Lesson Plan: Native Americans During the 19th and 20th Centuries

Date: Week of December 4-8, 2000

Objectives: The students will

I. list the major events of the Indian wars of the late 1800s and their causes;

II. describe the culture of the Plains Indian and the impact of white expansion and settlement on that culture.

III. Identify characteristics of the European-Indian conflict in both 19th and 20th centuries and develop a piece of creative writing based on the aspect of the conflict they chose to examine.
Warm Up Activity (Anticipatory Set): What are some Myths Regarding Indians?

A) Post this question on the board or overhead.
B) List myths associated with Indian life. Possible answers may include warlike nature, wearing traditional head-dresses, feathers, etc.
C) Ask the students to share what they already know about Indian life and culture. Students can point out geography, religion, or cultural aspects of life such as reliance on the buffalo during the 1800s.

Main Activity (Instructional Input): Lecture Discussion

A) Display lecture notes on the history and culture of the Plains Indians.

B) Discuss key points. Have students take notes.
Lecture should include:

1) Impact of the Horse on hunting and warfare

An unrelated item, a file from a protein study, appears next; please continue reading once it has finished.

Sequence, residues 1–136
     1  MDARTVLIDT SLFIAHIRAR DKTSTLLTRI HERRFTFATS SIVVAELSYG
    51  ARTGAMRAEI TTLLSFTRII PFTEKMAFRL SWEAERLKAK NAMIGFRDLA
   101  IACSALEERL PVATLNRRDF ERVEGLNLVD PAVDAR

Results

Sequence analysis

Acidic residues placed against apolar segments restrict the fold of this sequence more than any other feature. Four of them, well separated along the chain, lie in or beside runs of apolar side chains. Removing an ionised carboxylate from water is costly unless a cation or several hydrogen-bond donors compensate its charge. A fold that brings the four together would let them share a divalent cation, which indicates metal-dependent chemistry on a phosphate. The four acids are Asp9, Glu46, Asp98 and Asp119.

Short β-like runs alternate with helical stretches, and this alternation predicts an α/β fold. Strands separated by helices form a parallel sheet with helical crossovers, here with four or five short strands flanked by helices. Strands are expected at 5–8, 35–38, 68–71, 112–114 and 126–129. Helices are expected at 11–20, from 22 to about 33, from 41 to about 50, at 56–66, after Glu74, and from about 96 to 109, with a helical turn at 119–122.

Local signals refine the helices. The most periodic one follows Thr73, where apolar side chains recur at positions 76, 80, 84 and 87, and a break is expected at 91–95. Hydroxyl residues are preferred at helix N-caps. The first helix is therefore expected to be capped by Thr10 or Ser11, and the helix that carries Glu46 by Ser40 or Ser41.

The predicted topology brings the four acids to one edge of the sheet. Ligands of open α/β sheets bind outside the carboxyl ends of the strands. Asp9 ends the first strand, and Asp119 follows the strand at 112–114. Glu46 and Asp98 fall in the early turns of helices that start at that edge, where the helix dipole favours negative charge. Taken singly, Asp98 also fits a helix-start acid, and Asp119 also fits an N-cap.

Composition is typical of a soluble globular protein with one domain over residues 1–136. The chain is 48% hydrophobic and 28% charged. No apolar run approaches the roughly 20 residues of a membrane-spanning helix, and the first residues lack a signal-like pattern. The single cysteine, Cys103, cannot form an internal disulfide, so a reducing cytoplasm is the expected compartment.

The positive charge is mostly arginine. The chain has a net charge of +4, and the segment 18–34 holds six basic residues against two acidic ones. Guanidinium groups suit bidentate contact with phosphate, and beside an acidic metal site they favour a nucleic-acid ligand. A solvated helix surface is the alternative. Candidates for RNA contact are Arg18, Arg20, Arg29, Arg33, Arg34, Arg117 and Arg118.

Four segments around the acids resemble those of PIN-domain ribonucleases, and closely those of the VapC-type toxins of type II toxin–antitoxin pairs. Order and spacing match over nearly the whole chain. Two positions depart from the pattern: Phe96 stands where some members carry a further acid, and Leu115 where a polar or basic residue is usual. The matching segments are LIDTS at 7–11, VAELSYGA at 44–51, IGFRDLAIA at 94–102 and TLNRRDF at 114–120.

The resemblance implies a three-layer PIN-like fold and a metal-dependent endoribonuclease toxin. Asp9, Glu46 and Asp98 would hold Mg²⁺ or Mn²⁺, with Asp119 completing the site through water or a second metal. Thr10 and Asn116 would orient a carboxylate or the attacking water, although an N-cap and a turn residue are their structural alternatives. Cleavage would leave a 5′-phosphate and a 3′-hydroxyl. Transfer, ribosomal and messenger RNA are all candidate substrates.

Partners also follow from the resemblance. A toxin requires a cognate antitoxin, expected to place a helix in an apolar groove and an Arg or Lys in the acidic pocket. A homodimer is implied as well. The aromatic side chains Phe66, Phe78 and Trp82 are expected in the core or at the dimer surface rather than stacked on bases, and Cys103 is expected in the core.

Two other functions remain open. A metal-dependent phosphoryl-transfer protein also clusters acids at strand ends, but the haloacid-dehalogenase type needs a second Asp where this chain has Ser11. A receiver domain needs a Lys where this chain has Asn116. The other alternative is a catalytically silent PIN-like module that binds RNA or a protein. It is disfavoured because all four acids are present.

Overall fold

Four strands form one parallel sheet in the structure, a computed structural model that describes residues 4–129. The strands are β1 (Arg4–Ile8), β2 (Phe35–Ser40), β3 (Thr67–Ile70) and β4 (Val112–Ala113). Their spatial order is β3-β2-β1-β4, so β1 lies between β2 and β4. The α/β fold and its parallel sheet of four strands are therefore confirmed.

2) Diverse uses of the buffalo
3) Nature of Indian religion and differences with European religion, ie., Christianity
4) Major conflicts between US troops and native peoples, such as Sand Creek, Little Big Horn, Chief Joseph's Surrender, Massacre at Wounded Knee.

C) Use the web or Encarta CD-ROM to illustrate key ideas and people during the lecture. Play the sound clip of Chief Joseph's "I Shall Fight No More, Forever" speech.

D) For lower level students: distribute notes in printed form with key words left out. have them insert words in fill-in-the-blank fashion as they appear on the overhead.

E) Have students use their textbooks to gain a basic understanding of the historical events of the period; especially, the westward expansion of the railroads, mining, and business after the Civil war and its impact on Indian life.

Examples (Modeling): Listening to Lyrics for Historical Information
A) Play Elton John's "Indian Sunset" and display lyrics
Located on the WWW at http://www.eltonography.com/songs/indian_sunset.html

 or http://guard.dhs.org/~cos/music/EltonJohn/songs/indian.sunset.html

B) In preparation for discussion, have students examine the lyrics for these elements:
1) Examples of Indian culture
2) Historical accuracies or inaccuracies
3) Symbolic meaning of "Yellow Moon." What is it?
4) What happens to the narrator in the end: death in battle or suicide?
5)How does the song reflect the conflict between white and Indian in the late 1800s?

C) Play or display the song entitled "Bury My Heart at Wounded Knee" located on the WWW at

Discuss the concepts of justice and betrayal by the Federal government and its Indian policy. Discuss the question of the guilt or innocence of Leonard Peltier, an American Indian accused of killing federal soldiers without evidence. His story can be found at http://www.freepeltier.org/story.htm#top